December 09, 2008

The Righteousness Root

In our Sunday studies through the Bible we have been continuing through the Hebrews letter, a great letter for understanding the roots of “the olive tree” described in Romans 11 to which gentile Christian believers have been grafted. We saw how Jesus, the Messiah, exceeded the priestly requirements as our Great High Priest, He Himself becoming the very sacrifice He offered for us, as prophesied in the Ketuvim, Isaiah 53.10, where it is written "Thou shalt make his soul an offering for sin."

Yom Kippur, the Day of Atonement, was the one holiday where basically one person did everything, the high priest. Though it was his personal responsibility, the details of this busy day were studied by all, both young and old in the Jewish community. On that most holy day, the most holy man entered the most holy place to perform the most holy duties. But he himself was imperfect and needed to repent and confess his own sins first before representing the people before God. Jesus, however, did not need to repent of anything, for he was sinless. It is remarkable to see how Jesus fulfilled so many of the details ascribed to the sacrificial system, details of the ceremonies etc. as described in the Tanakh, known to Christians as the Old Testament. The Tanakh consists of three sections: Firstly, the, Torah, the first 5 books of the Bible, then the Nevi’im, 8 books which includes the 12 minor prophets as 1 book. Then the Ketuvim includes all the remaining books.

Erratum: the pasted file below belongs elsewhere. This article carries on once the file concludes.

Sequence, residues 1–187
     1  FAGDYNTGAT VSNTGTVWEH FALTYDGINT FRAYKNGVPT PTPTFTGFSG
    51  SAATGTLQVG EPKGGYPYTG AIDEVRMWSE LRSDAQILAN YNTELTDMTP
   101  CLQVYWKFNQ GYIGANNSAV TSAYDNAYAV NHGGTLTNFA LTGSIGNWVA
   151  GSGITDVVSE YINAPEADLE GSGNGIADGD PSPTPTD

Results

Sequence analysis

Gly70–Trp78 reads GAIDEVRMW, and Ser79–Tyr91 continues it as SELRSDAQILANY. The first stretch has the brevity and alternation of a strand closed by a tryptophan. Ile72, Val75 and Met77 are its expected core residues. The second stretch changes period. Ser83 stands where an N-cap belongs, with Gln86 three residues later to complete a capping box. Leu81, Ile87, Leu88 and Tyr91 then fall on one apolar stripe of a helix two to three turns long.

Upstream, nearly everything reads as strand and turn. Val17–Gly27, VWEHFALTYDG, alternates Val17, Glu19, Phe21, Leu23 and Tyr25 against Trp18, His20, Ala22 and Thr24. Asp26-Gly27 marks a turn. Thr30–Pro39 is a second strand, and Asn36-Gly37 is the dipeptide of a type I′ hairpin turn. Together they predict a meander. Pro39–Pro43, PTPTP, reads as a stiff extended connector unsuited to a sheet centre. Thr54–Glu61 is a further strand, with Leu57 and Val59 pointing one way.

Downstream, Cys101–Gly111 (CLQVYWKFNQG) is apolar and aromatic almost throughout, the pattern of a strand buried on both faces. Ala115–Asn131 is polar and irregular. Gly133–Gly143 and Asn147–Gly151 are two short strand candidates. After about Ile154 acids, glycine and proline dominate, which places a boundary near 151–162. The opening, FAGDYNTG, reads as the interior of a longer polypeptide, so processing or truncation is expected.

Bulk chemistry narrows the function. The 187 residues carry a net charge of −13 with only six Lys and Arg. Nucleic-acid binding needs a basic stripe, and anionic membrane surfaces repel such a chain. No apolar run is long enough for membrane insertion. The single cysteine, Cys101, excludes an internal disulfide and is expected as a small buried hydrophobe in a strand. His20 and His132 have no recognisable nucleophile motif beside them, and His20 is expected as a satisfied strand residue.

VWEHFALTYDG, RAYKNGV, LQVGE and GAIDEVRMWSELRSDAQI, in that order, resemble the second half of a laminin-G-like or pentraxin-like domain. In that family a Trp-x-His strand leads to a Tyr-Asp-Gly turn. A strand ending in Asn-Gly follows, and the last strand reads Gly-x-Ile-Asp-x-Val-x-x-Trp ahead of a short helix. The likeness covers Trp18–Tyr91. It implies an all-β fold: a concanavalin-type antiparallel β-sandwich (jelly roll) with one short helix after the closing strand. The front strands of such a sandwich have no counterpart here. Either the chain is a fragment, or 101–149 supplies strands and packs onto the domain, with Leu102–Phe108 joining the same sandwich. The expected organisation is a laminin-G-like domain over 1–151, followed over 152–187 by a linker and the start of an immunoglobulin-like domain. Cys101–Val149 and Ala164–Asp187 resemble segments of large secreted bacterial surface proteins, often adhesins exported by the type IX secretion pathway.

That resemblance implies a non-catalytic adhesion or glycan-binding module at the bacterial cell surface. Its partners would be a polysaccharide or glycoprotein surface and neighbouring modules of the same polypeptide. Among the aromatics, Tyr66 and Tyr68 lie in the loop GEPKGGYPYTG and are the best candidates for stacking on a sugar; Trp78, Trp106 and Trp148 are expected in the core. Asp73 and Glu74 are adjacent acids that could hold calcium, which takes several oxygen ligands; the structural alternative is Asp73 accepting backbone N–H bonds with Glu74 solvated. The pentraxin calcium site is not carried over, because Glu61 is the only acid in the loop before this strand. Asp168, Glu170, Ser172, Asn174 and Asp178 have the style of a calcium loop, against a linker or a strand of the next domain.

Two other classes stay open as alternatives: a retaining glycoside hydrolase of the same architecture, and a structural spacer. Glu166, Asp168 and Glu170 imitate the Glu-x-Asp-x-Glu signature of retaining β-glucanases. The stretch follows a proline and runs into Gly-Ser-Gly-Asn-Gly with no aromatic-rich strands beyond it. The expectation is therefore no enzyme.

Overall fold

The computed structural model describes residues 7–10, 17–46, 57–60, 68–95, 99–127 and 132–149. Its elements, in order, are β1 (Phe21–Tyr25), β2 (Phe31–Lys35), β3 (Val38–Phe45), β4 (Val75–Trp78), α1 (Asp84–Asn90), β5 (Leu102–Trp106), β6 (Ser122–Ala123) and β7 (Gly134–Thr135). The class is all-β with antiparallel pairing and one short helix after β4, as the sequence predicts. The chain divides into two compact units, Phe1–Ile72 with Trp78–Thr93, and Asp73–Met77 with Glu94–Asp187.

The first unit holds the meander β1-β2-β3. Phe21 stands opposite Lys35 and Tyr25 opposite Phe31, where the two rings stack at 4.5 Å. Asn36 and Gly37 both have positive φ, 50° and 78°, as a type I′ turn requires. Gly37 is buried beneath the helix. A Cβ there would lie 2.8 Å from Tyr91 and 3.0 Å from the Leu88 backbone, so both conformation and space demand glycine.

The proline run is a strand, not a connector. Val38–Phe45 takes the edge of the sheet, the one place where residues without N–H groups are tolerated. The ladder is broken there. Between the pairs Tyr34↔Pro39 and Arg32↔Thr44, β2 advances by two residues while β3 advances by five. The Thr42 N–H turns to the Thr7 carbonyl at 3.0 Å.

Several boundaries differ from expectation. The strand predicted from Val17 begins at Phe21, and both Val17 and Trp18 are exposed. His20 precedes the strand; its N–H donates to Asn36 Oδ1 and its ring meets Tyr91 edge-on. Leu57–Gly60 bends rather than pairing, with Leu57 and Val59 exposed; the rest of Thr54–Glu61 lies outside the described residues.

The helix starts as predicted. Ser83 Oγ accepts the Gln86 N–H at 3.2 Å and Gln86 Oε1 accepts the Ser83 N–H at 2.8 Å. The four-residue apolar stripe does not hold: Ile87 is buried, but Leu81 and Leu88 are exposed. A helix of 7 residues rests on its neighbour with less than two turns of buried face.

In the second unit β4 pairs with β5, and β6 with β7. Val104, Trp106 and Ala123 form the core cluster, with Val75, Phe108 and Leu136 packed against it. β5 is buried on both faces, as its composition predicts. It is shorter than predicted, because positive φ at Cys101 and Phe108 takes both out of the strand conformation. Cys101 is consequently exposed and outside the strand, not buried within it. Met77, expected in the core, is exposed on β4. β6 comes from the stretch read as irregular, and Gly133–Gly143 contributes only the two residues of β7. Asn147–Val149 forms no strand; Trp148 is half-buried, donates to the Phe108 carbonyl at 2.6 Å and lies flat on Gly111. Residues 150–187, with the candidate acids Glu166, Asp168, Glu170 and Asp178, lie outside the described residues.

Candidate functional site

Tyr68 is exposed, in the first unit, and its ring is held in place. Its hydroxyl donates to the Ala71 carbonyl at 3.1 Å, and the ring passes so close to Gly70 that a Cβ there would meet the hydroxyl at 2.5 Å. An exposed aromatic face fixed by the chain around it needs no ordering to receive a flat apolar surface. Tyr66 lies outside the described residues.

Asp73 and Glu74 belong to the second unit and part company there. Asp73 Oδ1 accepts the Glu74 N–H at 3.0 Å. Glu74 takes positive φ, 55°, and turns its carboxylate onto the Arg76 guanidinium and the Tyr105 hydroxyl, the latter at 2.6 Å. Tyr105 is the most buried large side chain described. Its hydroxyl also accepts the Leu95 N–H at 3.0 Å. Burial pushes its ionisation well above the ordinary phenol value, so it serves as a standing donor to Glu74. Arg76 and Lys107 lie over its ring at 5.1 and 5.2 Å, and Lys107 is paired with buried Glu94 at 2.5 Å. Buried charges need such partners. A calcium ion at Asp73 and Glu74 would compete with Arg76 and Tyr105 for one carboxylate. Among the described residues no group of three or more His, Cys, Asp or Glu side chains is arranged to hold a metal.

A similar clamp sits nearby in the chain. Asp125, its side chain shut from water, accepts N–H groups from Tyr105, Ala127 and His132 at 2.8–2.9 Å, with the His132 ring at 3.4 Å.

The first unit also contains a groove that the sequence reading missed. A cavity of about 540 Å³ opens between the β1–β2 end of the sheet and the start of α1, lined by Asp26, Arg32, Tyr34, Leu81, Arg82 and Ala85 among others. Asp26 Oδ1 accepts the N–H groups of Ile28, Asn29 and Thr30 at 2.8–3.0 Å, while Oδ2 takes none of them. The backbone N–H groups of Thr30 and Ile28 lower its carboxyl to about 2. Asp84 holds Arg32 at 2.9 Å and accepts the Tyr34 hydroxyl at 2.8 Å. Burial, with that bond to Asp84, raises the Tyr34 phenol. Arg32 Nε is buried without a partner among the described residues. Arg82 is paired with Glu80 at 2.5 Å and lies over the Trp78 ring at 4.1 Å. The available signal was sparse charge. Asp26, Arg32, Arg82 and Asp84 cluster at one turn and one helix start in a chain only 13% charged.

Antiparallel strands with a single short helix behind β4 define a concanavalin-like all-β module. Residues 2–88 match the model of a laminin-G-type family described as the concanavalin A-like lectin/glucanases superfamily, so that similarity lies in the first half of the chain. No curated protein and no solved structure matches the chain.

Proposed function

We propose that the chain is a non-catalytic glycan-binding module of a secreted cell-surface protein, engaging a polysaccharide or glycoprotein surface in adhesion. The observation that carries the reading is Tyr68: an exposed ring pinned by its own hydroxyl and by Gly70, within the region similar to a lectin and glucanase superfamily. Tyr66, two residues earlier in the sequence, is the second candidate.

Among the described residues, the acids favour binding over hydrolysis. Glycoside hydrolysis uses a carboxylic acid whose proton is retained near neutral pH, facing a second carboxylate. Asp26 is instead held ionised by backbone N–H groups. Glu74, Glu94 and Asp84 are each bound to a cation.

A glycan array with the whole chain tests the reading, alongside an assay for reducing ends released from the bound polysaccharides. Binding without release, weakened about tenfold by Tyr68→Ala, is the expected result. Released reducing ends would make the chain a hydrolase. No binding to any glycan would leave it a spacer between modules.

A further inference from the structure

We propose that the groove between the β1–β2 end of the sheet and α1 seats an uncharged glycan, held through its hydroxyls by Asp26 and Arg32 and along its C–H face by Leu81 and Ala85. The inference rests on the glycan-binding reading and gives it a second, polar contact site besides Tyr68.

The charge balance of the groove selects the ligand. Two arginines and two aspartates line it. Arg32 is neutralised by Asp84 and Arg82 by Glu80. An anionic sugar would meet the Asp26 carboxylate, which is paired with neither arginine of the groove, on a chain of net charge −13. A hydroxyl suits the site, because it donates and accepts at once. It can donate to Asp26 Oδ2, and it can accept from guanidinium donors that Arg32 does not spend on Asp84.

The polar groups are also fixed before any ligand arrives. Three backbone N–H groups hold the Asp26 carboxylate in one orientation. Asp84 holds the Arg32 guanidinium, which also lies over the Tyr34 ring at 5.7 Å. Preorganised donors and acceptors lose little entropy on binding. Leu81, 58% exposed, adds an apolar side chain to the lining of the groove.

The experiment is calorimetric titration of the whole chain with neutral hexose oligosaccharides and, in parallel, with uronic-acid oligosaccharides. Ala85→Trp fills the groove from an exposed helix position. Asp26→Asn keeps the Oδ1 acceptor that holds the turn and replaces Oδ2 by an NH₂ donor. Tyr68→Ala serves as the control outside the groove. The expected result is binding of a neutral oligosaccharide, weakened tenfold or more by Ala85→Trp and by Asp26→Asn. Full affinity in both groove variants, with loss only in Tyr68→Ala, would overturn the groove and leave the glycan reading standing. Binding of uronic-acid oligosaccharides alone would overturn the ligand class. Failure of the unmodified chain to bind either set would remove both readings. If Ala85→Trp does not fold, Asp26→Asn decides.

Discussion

I have a book which I purchased at the Temple Institute in Jerusalem which shows how 150 of the 600 plus laws deal with the sacrificial system. The reasons become clearer as you begin to look at the temple design. The temple was the main focus of life. The Holy of Holies was the main focus in the temple, the Ark of the Covenant was the main focus in the Holy of Holies, the Mercy Seat was the main focus on the Ark, and the blood of atonement was the main focus on the Mercy Seat. It was not a seat to sit down on but it implies the second meaning of the word. For example, the capital is the “seat of authority” in a country. And so the blood that was sprinkled on the cover of the Ark on the Day of Atonement was in fact the main focus of the whole temple. The blood atonement is described in Leviticus 16.27. The word atonement in Hebrew is "Kippur" as a noun, meaning a covering, and "kaphar" as a verb, to cover. What sins was the blood covering? Basically all sins, but each of the three things inside the ark was a reminder of the specific sins of the nation of Israel. The law, the10 Commandments, referred to in Deut 31.26 as a reminder of sin, were broken before Moses could make his way down the mountain. The bowl of manna reminded them of how the people murmured, desiring the meats, fruits and vegetables of Egypt, rather than simply being thankful for the daily manna. Aaron’s staff reminded them of Korah and the 150 princes who were jealous of his authority and rebelled. The contents of the ark have many meanings and applications for us, but on the Day of Atonement these things would be special reminders of the need to deal with sins , both past and present, both personal and national.